South Africa’s current Minister of Sport, since assuming office hasn’t indicated his intentions of advancing women’s sports in SA. Congratulating some of SA’s sportswomen on social media doesn’t eliminate gender inequalities! We demand a national programme of action, instituted and implemented by the sports ministry and adhered to by all national sports federations.
For how much longer must wego on calling out gender discrimination in sport, gender inequalities in sport in SA? We have had enough and want government intervention to call to order national sports federations, to challenge and stop men’s control of sport and toforce corporates to sponsor women’s sport. Government has the power to do this and they have the support of SA’s sportswomen. 

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Teenage Springbok Unam Tose Wants To Be World Rugby’s Top Scrum Half By Cheryl Roberts

9 Mar

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At just 19 years old, Unam Tose last year became a Springbok when she got called up to the Springbok team to play Scotland in South Africa. That’s not all! Teenage rugby player Unam Tose who plays provincial rugby for Border, also got given the women Springboks vice-captain position in the last match against Scotland in Cape Town. Not yet 20 years old but Unam Tose already knows she wants to be world rugby’s outstanding scrum half and to be a rugby World Cup champion.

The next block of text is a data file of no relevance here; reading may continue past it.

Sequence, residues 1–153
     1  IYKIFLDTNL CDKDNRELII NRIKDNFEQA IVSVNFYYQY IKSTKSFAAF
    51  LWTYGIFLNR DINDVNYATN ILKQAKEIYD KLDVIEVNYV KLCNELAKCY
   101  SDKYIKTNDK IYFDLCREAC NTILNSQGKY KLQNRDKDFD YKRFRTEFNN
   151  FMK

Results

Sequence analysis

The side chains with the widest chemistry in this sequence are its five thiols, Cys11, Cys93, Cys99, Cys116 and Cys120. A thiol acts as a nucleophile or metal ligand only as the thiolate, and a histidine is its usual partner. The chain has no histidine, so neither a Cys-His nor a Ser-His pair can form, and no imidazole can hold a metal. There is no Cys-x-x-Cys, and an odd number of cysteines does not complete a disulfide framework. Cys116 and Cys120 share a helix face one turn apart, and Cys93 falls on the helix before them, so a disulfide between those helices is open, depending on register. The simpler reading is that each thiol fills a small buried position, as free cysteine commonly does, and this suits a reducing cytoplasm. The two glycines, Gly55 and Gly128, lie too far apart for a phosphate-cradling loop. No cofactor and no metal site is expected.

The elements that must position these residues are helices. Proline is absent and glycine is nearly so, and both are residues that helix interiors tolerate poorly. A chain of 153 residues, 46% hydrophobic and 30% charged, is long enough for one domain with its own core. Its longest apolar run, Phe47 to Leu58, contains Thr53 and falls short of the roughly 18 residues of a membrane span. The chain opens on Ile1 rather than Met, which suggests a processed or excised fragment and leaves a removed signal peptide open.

In this Q and A interview with ‘South African SportsWoman’ Publisher, Cheryl Roberts, we learn about Unam Tose’s love of rugby, her rugby ambitions and World Cup ambitions.

Q: You had a remarkable 2019 rugby year. What are your reflections on your performances?
Unam Tose: My reflections: I’m happy and proud of myself for being able to implement what my coaches taught me and also be able to connect with other players because I believe they also played a part in my performances.
Q: In 2019, still a teenager, you made the Springbok team. How did this national selection impact on you?
Unam Tose: Being a Springbok was the most thing I ever wanted. That impacted on me to do good at all times because I’m no longer representing me only and now there’s a nation/country involved.